Home About People Media News Press


A guy becomes a vampire for a girl….and then vampires fall out of fashion.


Malcolm is your everyday nine-to-fiver stuck in a desk job rut and struggling to deal with a modern world obsessed with vampire culture, until he meets Lucy, a gorgeous girl with a thing for cupcakes. Despite his best efforts, he still can't compete with the sexy lure of his vampire competition. So, in an effort to win over Lucy, he decides to have himself turned into one…but his plan backfires. The morning after his transformation the racy underbelly of vampire culture is exposed to the world. Society suddenly and violently turns on vampires and Malcolm must now deal with the aftermath of his newly unpopular choice.

Director's Note:

Vampire, Vampire, Vampire, Vampire is a short that I wished went on forever. What I loved about this story is that no matter who we are, there will always be something about us that isn't perfect. That you have to be happy for what you are given. Unfortunately for Malcolm, he had to learn the hard way. He tries to be someone he is not and when he does, his world flips upside down.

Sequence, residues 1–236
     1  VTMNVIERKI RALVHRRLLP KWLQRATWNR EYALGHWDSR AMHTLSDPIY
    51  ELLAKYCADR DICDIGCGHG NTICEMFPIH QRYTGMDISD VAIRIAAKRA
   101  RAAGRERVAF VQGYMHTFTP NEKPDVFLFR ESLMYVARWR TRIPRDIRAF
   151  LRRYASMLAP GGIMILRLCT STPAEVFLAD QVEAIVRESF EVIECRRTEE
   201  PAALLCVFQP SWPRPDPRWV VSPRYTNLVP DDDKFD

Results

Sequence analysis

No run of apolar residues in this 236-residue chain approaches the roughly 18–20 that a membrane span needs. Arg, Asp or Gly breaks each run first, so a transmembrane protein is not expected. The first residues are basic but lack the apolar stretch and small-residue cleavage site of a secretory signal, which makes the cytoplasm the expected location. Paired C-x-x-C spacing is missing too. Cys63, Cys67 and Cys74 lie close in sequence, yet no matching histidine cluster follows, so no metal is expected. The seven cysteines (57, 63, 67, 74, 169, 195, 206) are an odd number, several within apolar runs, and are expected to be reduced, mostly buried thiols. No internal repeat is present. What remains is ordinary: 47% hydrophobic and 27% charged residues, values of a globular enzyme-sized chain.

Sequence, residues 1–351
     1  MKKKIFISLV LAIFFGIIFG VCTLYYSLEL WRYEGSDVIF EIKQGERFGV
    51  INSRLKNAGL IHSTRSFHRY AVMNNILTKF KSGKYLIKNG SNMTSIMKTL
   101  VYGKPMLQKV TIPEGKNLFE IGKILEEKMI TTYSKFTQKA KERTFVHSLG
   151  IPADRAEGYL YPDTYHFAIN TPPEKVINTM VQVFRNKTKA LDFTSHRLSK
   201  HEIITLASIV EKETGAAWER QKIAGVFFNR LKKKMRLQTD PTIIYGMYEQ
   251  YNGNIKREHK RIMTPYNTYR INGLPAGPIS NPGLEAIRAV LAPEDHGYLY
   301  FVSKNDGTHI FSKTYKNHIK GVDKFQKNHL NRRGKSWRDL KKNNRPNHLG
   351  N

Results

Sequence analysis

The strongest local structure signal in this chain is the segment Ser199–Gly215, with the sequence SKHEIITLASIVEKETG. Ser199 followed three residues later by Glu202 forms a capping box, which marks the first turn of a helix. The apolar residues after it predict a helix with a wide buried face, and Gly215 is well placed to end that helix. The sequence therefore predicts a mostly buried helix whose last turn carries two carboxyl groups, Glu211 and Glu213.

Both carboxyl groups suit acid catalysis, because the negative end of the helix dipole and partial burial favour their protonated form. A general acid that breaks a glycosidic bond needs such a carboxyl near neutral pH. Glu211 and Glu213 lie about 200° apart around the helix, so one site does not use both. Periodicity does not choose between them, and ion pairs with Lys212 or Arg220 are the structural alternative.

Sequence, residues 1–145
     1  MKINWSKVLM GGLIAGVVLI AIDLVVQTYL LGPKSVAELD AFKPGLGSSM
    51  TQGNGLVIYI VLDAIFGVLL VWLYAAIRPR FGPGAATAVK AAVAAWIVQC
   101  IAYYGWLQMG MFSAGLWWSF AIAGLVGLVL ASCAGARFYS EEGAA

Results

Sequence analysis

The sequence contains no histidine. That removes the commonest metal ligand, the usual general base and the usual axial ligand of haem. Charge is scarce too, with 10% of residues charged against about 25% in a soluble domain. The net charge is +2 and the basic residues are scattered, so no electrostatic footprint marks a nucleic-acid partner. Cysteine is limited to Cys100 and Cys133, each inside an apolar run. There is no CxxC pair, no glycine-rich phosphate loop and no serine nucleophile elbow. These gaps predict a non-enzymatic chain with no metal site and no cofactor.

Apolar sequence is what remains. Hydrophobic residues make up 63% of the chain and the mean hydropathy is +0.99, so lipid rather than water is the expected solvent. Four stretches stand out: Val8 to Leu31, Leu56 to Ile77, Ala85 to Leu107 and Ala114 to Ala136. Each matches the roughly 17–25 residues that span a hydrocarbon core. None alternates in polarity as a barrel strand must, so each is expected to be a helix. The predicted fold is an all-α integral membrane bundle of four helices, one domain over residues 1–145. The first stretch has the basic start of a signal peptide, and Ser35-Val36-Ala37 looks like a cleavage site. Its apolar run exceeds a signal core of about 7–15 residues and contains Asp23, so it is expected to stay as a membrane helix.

I can't tell you how much fun it was working on this. I was stuck with great people that had great attitudes. Rehearsals where everything changed. Working with the actors, who are also the writers, made it very easy on me. We were able to collaborate and fine tune a lot of things. It was a directors dream to have it that easy. I worked on a couple of shorts and this was the first time where I was fully able to trust my director of photography, Jose Rios. He has an amazing eye and I never had to question it. I was able to fully let go of a lot of stress because of him and I thank him. Art direction was quite the experience. It was tough at first but I believe the help from Rebekah Bell, the prop master, made it go over the edge of just plain funny. I have to say, I laugh whenever the blood packets are shown.

Last but not least, sound. I am a stickler on sound. People never realize it is 50% of the movie. With out sound, we lose 100 years of filmmaking. Thank goodness we found Will Schulz.

Overall this film was a blast to work on and watch. Knowing that it still makes me laugh out of all the times I have watched it, is a great sign for me.

Producer's Note: Coming Soon!